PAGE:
THE universal agreement that Shakespeare’s themes are timeless has been interpreted as carte blanche for modernisations and period swaps, but it’s perhaps never been more effectively done than in the current Shakespeare at the Tobacco Factory production, on stage at the Ustinov Studio in Bath until 21st July.
The company, started by Andrew Hilton in Bristol in 1999, has established a reputation for large-cast productions faithful to the text and engaging directly with the audience in the unique surroundings of the former Wills factory in Bedminster. This is a year of change. Andrew Hilton has left the company and for this first “new” production (which will be seen at Bedminster in September instead of the traditional early spring season) executive director Morag Massey has engaged Elizabeth Freestone to direct Henry V.
It opens the summer season at Bath Theatre Royal, and what might have been a risk for season artistic director Jonathan Church and BTR’s Danny Moar is a triumph.
For the STF company, this is a small scale cast – 13 actors playing 24 characters in the text cleverly adapted, abridged and re-imagined by Dominic Power and the company. Nothing important is missed, as the chorus (Joanne Howarth) urgently steers the audience through the complexities of young King Henry’s assumption of his destiny.
A stark and warlike setting, quick-change “armour” allowing actors to be English one moment and French the next, and a subtly majestic central performance – by turns impetuous, fragile, regal, fearless, energetic and passionate – from Ben Hall (grandson of Sir Peter, who founded the modern Bath summer seasons) bring a rare depth to the excitement of battle.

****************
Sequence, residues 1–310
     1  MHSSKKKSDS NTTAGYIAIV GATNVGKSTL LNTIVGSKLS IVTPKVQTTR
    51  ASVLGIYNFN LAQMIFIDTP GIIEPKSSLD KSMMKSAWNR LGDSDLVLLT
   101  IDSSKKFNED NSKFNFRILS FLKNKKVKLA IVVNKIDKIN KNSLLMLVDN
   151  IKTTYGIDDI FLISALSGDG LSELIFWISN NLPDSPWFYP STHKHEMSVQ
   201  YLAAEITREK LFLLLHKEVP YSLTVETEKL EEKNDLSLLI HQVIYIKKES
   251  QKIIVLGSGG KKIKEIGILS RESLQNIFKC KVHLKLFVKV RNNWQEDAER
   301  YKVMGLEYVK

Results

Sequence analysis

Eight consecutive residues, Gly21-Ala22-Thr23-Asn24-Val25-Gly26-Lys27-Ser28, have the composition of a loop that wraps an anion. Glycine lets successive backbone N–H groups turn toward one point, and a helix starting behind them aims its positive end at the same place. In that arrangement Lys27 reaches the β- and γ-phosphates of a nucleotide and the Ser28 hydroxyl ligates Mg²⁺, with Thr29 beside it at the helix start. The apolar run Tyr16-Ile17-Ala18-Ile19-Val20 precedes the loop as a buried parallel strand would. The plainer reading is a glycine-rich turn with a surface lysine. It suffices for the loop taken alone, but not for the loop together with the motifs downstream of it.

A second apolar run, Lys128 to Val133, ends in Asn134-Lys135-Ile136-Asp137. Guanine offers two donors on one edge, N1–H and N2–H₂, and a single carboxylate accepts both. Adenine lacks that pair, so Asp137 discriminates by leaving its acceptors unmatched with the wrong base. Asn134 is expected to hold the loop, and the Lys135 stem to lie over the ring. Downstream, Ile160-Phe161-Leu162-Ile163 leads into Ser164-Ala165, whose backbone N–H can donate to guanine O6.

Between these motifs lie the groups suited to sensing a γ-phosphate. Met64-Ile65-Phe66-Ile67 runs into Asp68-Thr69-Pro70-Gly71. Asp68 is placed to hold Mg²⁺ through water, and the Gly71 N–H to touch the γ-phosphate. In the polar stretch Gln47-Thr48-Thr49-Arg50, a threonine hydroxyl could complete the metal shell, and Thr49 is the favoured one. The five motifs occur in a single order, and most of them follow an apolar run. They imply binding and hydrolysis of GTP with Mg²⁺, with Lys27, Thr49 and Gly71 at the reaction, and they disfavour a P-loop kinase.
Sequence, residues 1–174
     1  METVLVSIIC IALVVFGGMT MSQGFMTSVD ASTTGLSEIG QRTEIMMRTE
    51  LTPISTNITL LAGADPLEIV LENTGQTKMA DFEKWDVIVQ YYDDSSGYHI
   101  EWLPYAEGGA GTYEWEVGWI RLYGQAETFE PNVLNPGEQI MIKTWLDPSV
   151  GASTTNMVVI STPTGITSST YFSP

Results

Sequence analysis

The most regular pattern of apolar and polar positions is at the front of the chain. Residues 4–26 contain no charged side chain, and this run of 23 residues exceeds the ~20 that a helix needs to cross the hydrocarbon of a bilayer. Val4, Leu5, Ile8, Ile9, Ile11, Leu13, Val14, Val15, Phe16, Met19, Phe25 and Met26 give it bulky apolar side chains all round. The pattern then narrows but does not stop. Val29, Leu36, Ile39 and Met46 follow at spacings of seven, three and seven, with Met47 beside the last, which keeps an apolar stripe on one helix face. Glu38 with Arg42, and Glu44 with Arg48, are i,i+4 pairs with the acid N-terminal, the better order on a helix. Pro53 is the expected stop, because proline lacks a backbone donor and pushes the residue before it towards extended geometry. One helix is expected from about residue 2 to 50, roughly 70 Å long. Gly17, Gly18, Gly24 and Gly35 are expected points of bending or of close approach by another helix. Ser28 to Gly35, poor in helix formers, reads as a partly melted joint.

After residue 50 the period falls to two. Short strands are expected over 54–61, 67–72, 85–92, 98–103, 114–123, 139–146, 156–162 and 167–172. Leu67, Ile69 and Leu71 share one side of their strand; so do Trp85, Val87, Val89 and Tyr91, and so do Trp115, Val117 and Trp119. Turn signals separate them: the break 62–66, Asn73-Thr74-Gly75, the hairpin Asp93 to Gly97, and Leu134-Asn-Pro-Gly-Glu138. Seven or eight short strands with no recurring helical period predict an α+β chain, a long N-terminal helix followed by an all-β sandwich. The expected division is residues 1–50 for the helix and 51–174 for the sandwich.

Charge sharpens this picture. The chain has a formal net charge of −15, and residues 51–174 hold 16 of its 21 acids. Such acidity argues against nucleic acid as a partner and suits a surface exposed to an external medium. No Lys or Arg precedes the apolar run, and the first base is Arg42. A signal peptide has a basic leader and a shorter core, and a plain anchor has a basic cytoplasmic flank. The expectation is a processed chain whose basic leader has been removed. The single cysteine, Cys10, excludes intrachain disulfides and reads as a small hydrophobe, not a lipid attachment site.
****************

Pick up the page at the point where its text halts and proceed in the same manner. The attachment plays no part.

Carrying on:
There’s never a moment when this production isn’t offering incisive views of a play most familiar from Laurence Olivier’s patriotic Crispin Crispian speech at Agincourt.
The director has made brave choices. She’s known for her campaigns for women’s roles in theatre, and here not only do we see a female chorus, herald and lord but French princess Katharine becomes Dauphin of France, heir to the throne. Her warlike attitude, intense relationship with a French duke and evident antipathy to the inevitable alliance with England bring a new dimension to the final scenes of the play, which are often played as an entertaining and charming romance.
Katherine is played by Heledd Gwynn, the unforgettable leader in Raucous’s Ice Road in Jacob’s Well Baths in Bristol.
STF stalwarts Chris Donnelly and Alan Coveney join recent BOVTS graduates Corey Montague-Sholay, Zachary Powell and Luke Grant in the company.
This is a thrilling, thought provoking version of Henry V, and its aptness for the hovering-on-the-verge-of-Brexit Britain is enlightening and never strained. It heralds exciting things for the second phase of STF’s life. After its run in Bath, the production is at the Tobacco Factory from 12th September to 6th October, and back in the south west at Exeter Northcott from 6th to 10th November, the final date of the 2018 tour.